Danville man installs labyrinth for stress relief

Danville man installs labyrinth for stress relief

DANVILLE – A parking lot near two busy streets in Danville may not seem like the best place to reduce stress, but Andrew Peters hopes a centuries-old tool can do just that.

Three weeks ago, Peters had a labyrinth painted on a concrete corner of the parking lot adjacent to his office at Central Illinois Natural Health Clinic, 1012 W. Fairchild St. in Danville. It's across the street from Provena United Samaritans Medical Center, Lakeview College of Nursing and adjacent to North Logan Health Care Center at 801 N. Logan Ave.

Andrews said the design has prompted a few calls of curiosity from the health care center and the hospital, which have a bird's-eye view of the green, circular design that's 22 feet in diameter.

"I have walked other labyrinths in the past, and have always found it valuable for calming and centering the mind," said Peters, a chiropractor and naturopathic physician with the health clinic.

A labyrinth is a circular path that begins on the outside and ends at the center. Unlike a maze, it follows a single path with no breaks or dead ends. Labyrinths have been used for centuries as a prayer and meditation tool.

Peters based his labyrinth on the 13th-century labyrinth at Chartres Cathedral in France. It follows the same path, design and number of circuits as its French counterpart, although they don't share the same dimensions, materials or setting.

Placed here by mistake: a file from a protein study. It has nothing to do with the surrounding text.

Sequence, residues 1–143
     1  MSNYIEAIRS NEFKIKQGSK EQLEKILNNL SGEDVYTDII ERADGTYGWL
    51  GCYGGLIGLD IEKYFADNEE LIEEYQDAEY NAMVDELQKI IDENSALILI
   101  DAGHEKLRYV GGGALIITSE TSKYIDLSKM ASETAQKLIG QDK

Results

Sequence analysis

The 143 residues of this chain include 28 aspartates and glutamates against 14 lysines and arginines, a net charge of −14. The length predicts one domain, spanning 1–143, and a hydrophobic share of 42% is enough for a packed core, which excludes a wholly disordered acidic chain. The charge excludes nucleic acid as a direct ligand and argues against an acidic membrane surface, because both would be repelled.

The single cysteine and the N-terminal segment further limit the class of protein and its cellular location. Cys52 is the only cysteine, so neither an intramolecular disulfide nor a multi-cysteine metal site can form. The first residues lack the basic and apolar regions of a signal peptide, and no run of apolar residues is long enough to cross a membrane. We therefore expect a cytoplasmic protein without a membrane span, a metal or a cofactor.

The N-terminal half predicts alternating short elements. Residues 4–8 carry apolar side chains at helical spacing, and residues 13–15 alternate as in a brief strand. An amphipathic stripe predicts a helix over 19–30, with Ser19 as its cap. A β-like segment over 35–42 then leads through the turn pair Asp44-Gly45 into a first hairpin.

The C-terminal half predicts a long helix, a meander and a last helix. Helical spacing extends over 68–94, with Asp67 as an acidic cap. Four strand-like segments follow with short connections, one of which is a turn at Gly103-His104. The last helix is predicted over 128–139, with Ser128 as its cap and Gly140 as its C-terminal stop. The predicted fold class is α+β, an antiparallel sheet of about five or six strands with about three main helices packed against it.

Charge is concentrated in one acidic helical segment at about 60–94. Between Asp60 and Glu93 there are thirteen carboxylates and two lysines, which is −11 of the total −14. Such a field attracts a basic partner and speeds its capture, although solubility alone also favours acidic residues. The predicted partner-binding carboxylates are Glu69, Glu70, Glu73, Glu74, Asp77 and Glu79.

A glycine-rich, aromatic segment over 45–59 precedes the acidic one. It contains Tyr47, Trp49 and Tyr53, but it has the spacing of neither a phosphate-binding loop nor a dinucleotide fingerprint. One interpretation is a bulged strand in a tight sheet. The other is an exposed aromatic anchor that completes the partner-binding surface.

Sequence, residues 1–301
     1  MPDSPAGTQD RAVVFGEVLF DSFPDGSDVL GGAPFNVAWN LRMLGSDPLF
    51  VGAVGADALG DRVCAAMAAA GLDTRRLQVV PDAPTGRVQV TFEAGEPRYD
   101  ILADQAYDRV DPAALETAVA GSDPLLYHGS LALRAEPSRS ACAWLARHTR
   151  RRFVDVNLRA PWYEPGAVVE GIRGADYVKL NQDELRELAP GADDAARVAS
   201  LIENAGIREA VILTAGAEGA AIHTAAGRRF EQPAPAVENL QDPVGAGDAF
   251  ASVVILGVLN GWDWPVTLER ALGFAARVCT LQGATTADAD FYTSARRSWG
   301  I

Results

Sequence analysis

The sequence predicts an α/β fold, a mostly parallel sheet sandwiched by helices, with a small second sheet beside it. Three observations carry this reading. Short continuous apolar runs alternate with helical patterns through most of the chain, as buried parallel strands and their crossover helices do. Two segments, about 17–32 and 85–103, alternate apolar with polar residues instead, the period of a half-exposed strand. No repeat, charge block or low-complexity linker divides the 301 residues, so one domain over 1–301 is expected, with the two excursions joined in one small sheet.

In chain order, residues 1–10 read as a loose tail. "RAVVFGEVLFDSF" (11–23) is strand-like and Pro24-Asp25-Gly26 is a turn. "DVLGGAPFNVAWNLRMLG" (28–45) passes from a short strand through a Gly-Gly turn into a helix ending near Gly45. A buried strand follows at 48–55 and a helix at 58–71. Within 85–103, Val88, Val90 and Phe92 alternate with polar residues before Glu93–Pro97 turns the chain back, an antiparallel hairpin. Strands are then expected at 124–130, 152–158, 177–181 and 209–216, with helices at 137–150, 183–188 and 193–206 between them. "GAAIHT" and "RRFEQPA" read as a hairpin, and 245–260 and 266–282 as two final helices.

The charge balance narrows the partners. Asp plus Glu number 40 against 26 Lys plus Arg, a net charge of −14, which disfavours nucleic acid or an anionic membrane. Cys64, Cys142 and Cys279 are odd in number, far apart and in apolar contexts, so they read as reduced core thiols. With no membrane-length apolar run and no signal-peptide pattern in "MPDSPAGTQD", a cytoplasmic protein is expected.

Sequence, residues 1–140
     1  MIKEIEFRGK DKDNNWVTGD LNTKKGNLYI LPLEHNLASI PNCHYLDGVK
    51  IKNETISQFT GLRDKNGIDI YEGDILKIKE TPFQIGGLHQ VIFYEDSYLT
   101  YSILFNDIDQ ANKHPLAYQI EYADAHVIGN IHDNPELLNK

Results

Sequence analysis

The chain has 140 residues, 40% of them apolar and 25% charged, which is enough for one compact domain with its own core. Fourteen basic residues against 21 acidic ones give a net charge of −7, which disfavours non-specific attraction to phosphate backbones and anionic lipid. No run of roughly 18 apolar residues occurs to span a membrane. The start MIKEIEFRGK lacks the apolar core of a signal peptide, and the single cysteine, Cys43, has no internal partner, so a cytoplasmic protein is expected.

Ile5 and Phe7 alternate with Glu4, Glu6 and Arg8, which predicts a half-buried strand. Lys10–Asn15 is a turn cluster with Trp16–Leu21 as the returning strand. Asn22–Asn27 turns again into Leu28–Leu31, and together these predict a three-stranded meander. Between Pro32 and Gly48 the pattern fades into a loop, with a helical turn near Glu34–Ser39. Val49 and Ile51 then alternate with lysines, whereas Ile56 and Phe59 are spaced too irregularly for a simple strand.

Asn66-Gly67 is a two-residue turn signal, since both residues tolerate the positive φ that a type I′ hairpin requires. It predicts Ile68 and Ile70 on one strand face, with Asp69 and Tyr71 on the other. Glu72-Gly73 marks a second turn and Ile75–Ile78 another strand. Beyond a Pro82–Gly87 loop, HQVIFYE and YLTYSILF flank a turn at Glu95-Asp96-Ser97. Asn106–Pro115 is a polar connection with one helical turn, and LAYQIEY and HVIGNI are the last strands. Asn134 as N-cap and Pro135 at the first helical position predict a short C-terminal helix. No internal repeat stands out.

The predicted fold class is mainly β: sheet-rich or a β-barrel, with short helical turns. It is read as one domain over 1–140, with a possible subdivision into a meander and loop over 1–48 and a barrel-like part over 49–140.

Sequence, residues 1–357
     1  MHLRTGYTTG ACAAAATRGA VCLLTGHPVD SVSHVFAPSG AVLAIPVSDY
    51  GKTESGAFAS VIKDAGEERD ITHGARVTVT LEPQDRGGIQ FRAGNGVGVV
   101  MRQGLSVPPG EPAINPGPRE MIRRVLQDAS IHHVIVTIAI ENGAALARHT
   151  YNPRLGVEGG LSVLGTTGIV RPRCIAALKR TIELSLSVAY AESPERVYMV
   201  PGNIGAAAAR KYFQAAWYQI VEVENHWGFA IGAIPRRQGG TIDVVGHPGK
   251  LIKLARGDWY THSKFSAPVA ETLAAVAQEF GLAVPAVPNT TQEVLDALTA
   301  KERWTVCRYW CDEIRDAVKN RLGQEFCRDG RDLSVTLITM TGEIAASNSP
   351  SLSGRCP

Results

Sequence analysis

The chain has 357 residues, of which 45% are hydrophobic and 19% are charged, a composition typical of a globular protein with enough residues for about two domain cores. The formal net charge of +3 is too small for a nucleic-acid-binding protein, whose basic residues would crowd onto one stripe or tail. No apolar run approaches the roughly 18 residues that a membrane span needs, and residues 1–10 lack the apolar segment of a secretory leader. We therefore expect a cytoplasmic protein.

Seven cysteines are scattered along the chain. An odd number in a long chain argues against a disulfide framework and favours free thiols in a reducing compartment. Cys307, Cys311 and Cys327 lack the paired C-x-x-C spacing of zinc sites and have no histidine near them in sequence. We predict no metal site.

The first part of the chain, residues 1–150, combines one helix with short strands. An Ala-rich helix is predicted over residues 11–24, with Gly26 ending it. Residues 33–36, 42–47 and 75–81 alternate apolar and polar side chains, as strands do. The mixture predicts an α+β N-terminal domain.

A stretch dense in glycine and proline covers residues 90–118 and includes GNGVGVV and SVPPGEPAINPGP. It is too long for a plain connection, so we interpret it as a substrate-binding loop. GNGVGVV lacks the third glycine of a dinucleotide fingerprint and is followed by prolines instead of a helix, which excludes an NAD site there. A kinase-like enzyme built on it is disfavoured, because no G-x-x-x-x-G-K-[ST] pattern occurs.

Peters, whose wife, Eleanor, is a family practice physician with Christie Clinic in Danville, walked his first labyrinth with some friends. Although he wasn't familiar with labyrinths at the time, he enjoyed the experience and has walked others in various cities since then, including the one at Crystal Lake Park in Urbana.

After talking to a friend, Susan Dancing Star of Danville, who also enjoys walking labyrinths, Peters decided to design one in the corner of his parking lot that would be open to his patients and the public. Since it's near medical facilities, Peters thinks it can be a helpful tool for people dealing with the stress of illness, whether patients, family or medical personnel.

Star first walked a labyrinth during the Easter holiday season in 1996 at Riverside Church in Manhattan.

"I was so impressed and taken in by the whole concept that I proceeded to find more information about them," said Star, who explained that it's difficult to articulate why she liked the experience. "I just really embraced the idea of walking as meditation."

A metal box at the labyrinth at the health clinic contains sheets of paper with some guidance on the idea behind the labyrinth and how to walk it.

Peters said there is no right or wrong way.

Walking the path, he said, can symbolize many things, such as life's journey, a spiritual journey, the inner debate of a problem or just a way to decompress from life's stresses.

Peters said that for some people, it's difficult to relax and put the worries and stresses of life out of their mind for even a short time. Sometimes, physically moving in a relaxed manner through a labyrinth can help them relax.

"For some people, it's difficult to hold still and relax," he said. "Involving the physical body can be a great aid in that."

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